– First it was the mold in the ceiling. Then the air system needed to be replaced. Then the ice plant.

Two years and $3.6 million in upgrades later, the ice rink on the University of Minnesota Duluth campus is open again.

"It was a really big hole and we heard about it — from students, parents and alumni," said Mick McComber, director of UMD's recreational sports program. "Half of our student population haven't been here while there's ice."

The rink first closed in February 2018 after mold was discovered along the roof trusses during an annual inspection.

UMD's rink is home to club hockey, figure skating and open ice times, while the varsity hockey teams call off-campus Amsoil Arena home. In contrast, many other universities' ice rinks are shared among all teams and users.

"It really has taken on a recreational focus with the lack of seating, the Olympic size," McComber said. "We attract students that want to be active, and we've been fortunate to have a diversity of offerings — not just a gym and a weight room."

He said about 90% of students on campus take part in recreation and outdoor offerings. The rink had been a popular part of that since it first opened in 1988.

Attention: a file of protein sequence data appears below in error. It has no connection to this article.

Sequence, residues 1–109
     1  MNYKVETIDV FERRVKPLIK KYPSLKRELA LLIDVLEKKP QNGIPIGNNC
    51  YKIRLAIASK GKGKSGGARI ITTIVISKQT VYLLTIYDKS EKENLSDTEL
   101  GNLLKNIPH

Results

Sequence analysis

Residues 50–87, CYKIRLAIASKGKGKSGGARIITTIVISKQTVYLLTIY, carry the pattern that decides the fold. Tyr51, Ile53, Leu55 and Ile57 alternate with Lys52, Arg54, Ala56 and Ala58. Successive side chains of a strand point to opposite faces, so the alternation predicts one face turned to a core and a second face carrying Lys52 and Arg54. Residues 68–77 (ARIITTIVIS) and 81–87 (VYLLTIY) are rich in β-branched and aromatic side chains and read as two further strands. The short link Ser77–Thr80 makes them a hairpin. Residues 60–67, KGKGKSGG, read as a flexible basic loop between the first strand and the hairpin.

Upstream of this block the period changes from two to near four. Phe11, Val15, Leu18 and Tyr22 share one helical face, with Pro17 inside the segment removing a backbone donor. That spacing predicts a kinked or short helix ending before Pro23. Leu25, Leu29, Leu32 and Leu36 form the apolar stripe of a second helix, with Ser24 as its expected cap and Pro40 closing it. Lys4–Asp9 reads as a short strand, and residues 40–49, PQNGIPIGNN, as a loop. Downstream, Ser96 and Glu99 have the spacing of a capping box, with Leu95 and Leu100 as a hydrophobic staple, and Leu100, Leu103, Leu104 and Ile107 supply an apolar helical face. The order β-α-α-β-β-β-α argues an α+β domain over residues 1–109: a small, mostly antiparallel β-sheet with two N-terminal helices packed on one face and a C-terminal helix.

"It got a heck of a long life span with what we originally had until now," said John Kessler, senior project manager at UMD.

Kessler described how mold mitigation led to the discovery that the HVAC system needed to be replaced, which pushed back the completion date — and increased the cost. A conversion to an ammonia-based ice plant was already in the works, because the common refrigerant that was in use is now illegal to produce or import in the U.S.

"We didn't quite expect it all to happen at once," Kessler said.

The $3.6 million needed for the project was stitched together from student fees, state money and a loan from the university system, he said. Money for facilities is separate from the operating budget, which is being cut by 3% this year as UMD seeks to steady its finances after a decadelong budget imbalance.

The ice rink and its off­season indoor turf have been a draw for students in the past, but many current students need to get familiar with the rink. A student-hosted grand reopening on Thursday should help.

McComber said the broader hockey community missed the rink too.

"There are weekends where there's a shortage of ice in this town for some of those tournaments," he said. "We're getting the word out it's available for those out in the community."